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1. Launching the Writing Workshop
by Lucy Calkins and Leah Mermelstein

Whether you have taught in a writing workshop for years or are just learning the term, this book will offer you a plan for every moment of beginning the writing workshop. As in all of the books in this series, Lucy and Leah present both the precise language and pacing of their teaching and the reasoning behind it, so that you can create the same powerful experiences with your own children.

  • Working Independently in a Writing Workshop
  • Using Writing, Along with Pictures, to Tell Each Story
  • Writing Longer, More Varied, More Thoughtful Pieces
  • Preparing For Publication
    PART ONE: Working Independently in a Writing Workshop
    Session I: Starting the Writing Workshop
    In this session, you will model the process of choosing a topic, sketching it, and then writing a tiny bit about it.
    View Session I
    Session II: Carrying On Independently as Writers
    In this session, you will show writers how they can keep working by adding more to their picture, by adding more to their words, or by starting a new piece of writing.
    Session III: Using Supplies Independently
    You'll move your students towards independence by teaching them where to find and how to take care of the tools they need for the writing workshop—cans of pencils, boxes of markers, the date stamp, and their writing folders.
    Session IV: Telling Stories In Illustrations
    This session will teach students that writers can decide on a topic, envision it, and then record that meaning on the page with drawings that are representational.
    Session V: Drawing Even Hard-to-Make Ideas
    In this session, you'll encourage students not to be held back by not being able to draw exactly what they are thinking but instead to draw the best they can and keep going.
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    PART TWO: Using Writing, Along with Pictures, to Tell Each Story
    Session VI: Using Both Pictures and Words, Like Famous Authors
    You remind children in this session that authors write pictures and words, and you will nudge them to do the same.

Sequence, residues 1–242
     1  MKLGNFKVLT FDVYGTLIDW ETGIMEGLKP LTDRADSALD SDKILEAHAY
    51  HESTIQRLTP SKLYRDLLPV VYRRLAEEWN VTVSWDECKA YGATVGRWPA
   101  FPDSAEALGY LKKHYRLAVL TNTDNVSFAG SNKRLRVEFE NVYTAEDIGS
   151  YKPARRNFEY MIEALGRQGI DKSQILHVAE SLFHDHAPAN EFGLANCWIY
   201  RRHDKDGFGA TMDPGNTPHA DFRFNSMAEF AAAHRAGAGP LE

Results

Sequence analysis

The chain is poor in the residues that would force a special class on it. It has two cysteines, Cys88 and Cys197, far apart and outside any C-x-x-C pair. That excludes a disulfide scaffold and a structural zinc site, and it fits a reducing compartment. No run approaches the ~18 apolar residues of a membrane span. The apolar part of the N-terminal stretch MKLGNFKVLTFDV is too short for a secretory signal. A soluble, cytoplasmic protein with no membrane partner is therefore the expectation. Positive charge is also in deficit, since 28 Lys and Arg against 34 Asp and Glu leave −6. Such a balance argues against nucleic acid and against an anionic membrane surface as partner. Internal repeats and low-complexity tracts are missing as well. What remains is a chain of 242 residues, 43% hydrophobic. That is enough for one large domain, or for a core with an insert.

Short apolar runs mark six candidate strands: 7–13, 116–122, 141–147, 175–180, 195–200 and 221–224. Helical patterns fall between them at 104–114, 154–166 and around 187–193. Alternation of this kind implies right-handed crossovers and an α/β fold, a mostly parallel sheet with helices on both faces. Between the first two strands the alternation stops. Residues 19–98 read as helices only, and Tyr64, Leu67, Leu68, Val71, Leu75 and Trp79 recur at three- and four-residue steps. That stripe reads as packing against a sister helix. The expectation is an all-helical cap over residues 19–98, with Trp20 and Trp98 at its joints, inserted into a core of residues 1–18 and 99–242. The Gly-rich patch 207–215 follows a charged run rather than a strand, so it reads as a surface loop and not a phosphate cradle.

Session VII: Stretching and Writing Words
    In this session, you will help writers separate out the many sounds they hear in words and write down the letters that correspond to those sounds.
    Session VIII: Stretching and Writing Words: Initial Sounds
    For now, you will show students how to listen hard to how words start so that they can get those first letters down on the page for their readers.
    Session IX: Spelling the Best We Can…and Moving On
    In this session, you will teach writers to accept their own approximate spellings in order to tell more about their stories.
    Session X: Using Writing Tools: The Alphabet Chart
    You will show students in this session how to match the sound they hear in the word they want to write with a letter that represents it, using an alphabet chart with pictures for help.
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    PART THREE: Writing Longer, More Varied, More Thoughtful Pieces
    Session XI: Creating a Place for Writing-in-Progress: Long-Term Projects
    After this session, children will see that they can add more writing to the same piece, and they'll use a system to separate finished from unfinished work.
    Session XII: Introducing Booklets
    This session will allow you to teach children to plan for and write a book with several pages.
    Session XIII: Widening Writing Possibilities: Lists and Letters
    This session will invite children to write in a range of genres, for a range of purposes.
    Session XIV: Widening Writing Possibilities: Real-World Purposes
    In this session, you'll help children realize that during every section of the room and part of the day, there are reasons to write—and you'll invite children to do that writing.
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    PART FOUR: Preparing For Publication
    Session XV: Fixing Up Writing
    In this session, you will teach children that writers fix up and revise their writing so it says everything they mean it to say before it's sent out in the world.
    Session XVI: Editing and Fancying Up Writing
    You will teach students how to reread, check, and edit their writing to make sure it's readable. Then, mid-workshop, you will teach them to fancy up their work by adding details with colored pencils.
    Session XVII: Reading into the Circle: An Author's Celebration
    In this session, children will read a favorite part of their writing to the whole class, then all of their writing to a small group, then will enjoy refreshments and post-unit talk.
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